Saturday Morning Sales

Kevin Latchford


When Starting Over Is Not An Option - April 28, 2018

Today I’m going to pick up where I left off last week sharing my story of John. Throughout the past several weeks I have been working with a client in evaluating John. As I stated in my previous post, he seems to be listening, but not truly hearing what we are saying. He is not grasping the concept, especially for someone with over 15 years of experience, that sales is a numbers game. You’re either performing to a set standard or you are not.


Well, I thought I heard them all, but John threw me for a loop. He asked his manager and I if he could start over. That’s right, he wants to start his role over again, as if the past 6+ months never existed. Unfortunately, this may have sealed his fate. No, of course you cannot start over.


Please don’t get me wrong. This is not a matter of giving him a second chance. We’re not talking about changing careers and starting over. We are talking about the fact that John has been paid a base salary for over 6 months, along with benefits and vacation time, and he has not produced sales to even a base level. This has become more of a matter that John is not grasping the concept of new business development (vs account management) and he certainly is not an ‘A’ level sales person.


John cannot start over, at least not with my client. John needs to understand that the messages given to him by his sales manager have not changed. The goals that are set forth for his role are the same as when he interviewed. The need for activity in terms of calls made every day, meetings set every week, and ultimately closed deals are the same today as they were yesterday, last week, and last month. Nothing has changed. The fact is that John cannot do the job.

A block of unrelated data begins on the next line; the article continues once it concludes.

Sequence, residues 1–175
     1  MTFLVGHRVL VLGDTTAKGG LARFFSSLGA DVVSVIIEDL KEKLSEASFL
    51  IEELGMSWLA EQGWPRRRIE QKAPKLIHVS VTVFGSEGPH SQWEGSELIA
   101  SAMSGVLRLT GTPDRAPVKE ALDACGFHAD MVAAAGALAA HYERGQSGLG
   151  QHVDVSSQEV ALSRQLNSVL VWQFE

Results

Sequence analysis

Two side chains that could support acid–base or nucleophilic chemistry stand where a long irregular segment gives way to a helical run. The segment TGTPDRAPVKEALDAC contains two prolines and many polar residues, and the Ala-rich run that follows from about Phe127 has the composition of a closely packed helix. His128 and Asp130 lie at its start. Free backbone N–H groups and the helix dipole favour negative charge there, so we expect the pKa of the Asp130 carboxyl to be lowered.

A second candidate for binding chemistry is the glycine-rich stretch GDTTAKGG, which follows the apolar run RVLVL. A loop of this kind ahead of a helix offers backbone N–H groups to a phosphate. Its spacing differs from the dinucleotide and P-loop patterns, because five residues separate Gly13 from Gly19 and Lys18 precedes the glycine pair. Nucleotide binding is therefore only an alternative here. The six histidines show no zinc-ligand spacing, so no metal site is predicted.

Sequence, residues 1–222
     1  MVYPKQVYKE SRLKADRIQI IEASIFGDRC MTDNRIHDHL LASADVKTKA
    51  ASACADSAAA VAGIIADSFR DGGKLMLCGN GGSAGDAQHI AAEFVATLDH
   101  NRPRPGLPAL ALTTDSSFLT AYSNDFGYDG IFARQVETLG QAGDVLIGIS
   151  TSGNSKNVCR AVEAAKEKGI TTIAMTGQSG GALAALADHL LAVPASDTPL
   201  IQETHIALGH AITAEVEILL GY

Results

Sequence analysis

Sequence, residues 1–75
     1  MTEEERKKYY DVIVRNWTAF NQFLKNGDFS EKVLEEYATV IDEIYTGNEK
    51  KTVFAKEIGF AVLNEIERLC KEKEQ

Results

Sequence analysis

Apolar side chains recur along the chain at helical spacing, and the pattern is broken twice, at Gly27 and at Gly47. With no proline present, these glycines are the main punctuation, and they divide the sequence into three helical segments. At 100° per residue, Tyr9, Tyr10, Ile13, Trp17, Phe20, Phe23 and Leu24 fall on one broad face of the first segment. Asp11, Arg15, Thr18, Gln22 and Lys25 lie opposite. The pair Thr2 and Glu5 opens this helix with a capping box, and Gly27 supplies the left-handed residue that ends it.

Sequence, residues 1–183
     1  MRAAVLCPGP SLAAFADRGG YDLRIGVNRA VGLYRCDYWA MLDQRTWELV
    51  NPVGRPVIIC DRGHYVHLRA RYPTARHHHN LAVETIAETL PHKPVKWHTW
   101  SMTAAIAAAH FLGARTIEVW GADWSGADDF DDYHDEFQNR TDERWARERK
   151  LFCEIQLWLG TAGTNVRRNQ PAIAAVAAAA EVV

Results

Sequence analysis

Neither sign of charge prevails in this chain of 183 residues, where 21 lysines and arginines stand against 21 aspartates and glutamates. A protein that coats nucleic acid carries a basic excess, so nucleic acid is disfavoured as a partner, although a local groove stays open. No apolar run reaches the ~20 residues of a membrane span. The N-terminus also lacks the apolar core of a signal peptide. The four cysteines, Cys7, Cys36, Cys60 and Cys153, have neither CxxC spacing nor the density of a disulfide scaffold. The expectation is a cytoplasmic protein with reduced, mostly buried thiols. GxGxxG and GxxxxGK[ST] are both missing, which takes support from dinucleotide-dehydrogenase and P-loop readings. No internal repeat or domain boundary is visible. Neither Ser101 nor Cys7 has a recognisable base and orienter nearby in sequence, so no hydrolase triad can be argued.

So, I’ve asked myself, “is there anything my client could have done differently?” The short answer is not hire John. But, somehow John did a very convincing job of selling himself during the interview process. The real answer is termination sooner. It is not a pleasant decision. Yet, in business, we sometimes need to make tough calls. There’s an old saying: Hire Slow Fire Fast. In John’s case, he should have been terminated months ago, and not have had this situation drag on. It is unfair for my client and it is unfair to John.


When starting over is not an option it is wise to guide the underperforming sales person out the door. You are not being cruel, rather you are doing them a favor. If this is not the role for them, you should help them see the light and leave on their own, or you may have to fire them. Again, this is not pleasant, but sometimes a fact of life. When the position is not for them, when starting over is definitely not an option, be kind but swift and left John go.

Hello, Hello, Is There Anybody In There? April 21, 2018

Last week I referenced that sales managers at times need to be stern. And, equally, I referenced that sales reps need not sugarcoat anything or try to smile through their struggles. I am working through a scenario currently with a client and his sales rep. I’m reminded of the Pink Floyd line: Hello, hello, hello, is there anybody in there? I am having conversations with the sales person about their training, how they are coming along since joining the organization, and John the rep just smiles and says everything’s been great. I’m wondering, hello, are you listening to us?


John is struggling in sales. He is not meeting any sort of quota for calls made, appointments set, proposals written, or closed business. He feels like everything is on track for him to be successful and he doesn’t need help. Mind you, John has over 15 years of sales experience and has been with my client’s organization for over 6 months, yet he has the performance of a kid right out of school. He’s smiling and saying everything’s great, and his performance numbers cannot get any worse.